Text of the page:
A newly released video offers the very first tantalizing glimpses of Kawasaki's forthcoming 1970s-inspired naked.
1970s-inspired bike to be unveiled in Tokyo next month
The rumors were true: Kawasaki’s old-school-inspired Z900RS is set to become a reality in late October.
We first started hearing rumors earlier this summer of a bike based on the iconic 1970s Z1. Built around the same 948cc inline four found in the recently released Z900, the RS is clearly drawing a page from the Yamaha XSR900 playbook in taking a delightful naked and wrapping it in retro clothing.
We won’t really get a look at that retro clothing for another month or so, however. Team Green has announced the bike will be unveiled at the Tokyo Motorshow on 25 October. A teaser video released in the wee hours of Wednesday morning doesn’t offer much more than an LED headlight and a side view of the bike obscured by guardrail.
READ MORE: 2017 Kawasaki Z900 – First Ride | RideApart
Most of the short video – which features a generic “sounds a whole lot like the Arctic Monkeys’ ‘Do I Wanna Know’” soundtrack – centers around attractive Gen Xers with frighteningly white teeth. The only clear view of a motorcycle comes in the one-second peak at a Z1, a screengranb of which you see at the top of this article. Kawasaki's making it clear here that it's keen to recapture the Z1's spirit, styling, and success with the Z900RS. (And let’s discuss the use of Gen Xers here; has Kawasaki decided that since Millennials have no money there’s no use in pursuing them?)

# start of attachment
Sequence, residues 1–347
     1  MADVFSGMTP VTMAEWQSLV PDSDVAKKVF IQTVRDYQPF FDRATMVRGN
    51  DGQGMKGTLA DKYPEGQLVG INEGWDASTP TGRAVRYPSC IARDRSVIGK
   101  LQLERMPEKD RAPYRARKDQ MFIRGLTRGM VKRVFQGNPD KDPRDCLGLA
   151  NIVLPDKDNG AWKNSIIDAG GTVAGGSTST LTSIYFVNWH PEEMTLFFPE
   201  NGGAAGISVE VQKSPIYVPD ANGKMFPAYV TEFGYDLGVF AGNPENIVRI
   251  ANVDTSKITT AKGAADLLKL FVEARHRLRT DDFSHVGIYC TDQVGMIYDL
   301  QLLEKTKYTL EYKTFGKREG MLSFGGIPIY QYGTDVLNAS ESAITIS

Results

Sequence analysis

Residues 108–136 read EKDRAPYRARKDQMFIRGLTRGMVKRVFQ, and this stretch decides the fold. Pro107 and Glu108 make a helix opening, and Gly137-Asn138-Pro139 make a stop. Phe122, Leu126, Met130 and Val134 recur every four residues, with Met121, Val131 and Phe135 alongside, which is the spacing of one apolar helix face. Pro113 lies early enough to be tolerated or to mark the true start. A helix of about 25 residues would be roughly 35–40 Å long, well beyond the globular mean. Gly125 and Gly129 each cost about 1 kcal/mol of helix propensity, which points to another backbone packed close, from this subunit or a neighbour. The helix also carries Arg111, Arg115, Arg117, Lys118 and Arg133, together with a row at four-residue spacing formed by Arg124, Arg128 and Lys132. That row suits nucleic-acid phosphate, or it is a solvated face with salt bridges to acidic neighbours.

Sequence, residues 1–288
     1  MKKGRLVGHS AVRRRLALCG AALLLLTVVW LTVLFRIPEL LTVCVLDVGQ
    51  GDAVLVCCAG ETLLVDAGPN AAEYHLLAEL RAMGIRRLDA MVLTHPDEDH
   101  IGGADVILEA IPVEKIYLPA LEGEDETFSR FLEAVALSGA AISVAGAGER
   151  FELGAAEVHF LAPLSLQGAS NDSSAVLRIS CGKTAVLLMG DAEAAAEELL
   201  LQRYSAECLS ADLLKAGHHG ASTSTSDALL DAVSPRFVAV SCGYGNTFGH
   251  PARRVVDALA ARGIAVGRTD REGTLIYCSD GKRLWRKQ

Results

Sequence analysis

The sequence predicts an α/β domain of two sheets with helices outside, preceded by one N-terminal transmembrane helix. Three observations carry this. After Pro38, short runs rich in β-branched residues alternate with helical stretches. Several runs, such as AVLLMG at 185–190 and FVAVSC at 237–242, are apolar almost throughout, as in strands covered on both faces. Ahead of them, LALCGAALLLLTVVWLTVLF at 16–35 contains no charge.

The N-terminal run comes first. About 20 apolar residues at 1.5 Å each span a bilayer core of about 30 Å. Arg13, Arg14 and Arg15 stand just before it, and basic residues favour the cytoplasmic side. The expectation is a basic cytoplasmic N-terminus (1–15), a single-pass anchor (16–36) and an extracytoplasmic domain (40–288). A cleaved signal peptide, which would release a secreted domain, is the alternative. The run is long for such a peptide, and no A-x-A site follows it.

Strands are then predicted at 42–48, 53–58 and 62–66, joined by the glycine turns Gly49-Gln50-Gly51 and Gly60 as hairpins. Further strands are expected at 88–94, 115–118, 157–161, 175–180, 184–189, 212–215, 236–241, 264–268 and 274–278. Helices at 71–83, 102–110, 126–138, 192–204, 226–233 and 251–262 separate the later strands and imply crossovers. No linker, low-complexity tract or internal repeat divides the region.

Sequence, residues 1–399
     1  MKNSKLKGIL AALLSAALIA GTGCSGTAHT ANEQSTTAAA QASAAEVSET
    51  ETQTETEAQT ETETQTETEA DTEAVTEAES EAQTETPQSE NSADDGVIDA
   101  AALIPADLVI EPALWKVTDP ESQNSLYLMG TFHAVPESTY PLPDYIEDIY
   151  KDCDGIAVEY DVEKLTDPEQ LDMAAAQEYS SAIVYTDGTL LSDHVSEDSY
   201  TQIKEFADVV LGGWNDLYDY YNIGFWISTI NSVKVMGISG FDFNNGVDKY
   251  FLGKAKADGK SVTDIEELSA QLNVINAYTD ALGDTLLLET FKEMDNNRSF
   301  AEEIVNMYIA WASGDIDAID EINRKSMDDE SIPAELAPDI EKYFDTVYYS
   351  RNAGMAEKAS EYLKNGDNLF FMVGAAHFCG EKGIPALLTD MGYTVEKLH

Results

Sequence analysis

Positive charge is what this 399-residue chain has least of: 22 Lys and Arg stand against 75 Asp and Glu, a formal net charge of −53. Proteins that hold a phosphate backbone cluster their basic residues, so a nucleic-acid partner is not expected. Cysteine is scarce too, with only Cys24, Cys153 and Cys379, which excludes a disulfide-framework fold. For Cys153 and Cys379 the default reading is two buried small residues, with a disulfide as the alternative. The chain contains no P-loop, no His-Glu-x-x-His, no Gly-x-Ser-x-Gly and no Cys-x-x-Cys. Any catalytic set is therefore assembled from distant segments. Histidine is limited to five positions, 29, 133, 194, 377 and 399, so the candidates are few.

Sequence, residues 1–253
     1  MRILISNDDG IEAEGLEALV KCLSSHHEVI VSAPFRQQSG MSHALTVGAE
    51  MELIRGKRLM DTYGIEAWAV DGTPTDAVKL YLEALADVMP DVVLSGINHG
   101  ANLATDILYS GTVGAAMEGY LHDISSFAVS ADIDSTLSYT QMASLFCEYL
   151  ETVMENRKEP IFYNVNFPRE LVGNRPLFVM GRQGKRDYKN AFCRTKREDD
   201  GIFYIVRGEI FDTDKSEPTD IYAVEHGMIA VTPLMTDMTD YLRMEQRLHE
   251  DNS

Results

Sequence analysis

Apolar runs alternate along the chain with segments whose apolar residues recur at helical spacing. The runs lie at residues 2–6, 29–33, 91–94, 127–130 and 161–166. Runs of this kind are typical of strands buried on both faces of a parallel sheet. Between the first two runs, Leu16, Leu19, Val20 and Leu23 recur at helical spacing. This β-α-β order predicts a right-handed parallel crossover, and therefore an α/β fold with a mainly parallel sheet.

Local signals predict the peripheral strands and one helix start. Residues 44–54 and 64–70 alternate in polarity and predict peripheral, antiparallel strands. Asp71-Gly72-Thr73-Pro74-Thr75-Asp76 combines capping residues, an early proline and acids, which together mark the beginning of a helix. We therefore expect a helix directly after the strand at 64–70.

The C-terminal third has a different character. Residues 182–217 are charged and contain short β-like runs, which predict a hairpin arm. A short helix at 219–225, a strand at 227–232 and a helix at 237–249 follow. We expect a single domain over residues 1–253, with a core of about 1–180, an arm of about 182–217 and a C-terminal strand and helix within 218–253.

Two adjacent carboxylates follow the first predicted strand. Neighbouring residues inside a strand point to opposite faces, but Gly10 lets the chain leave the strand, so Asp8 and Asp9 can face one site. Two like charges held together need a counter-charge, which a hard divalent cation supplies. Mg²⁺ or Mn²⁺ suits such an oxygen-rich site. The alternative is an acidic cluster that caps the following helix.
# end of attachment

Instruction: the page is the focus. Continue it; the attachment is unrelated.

Based on the obscured view of the actual Z900RS, we have to admit to being a little worried. The styling looks suspiciously Vulcan S-esque. The Vulcan S is a charming motorcycle – quirky and tolerably imperfect – but misses the mark when it comes to retro aesthetic. Does Kawi have the design chops to do the Z1 justice? Until recently the only retro in its stable was the hardly-changed-since-Kawasaki-bought-the-design-rights-from-BSA W800 – a bike that had a lot of fans but not a lot of buyers.
Never brought to US shores, the W800 was retro by default rather than design, so the question of whether Kawasaki fully “gets” the ethos of the current retro styling trend remains unanswered. Maybe, though, we should stop being such Negative Nellies and hold our opinions until October.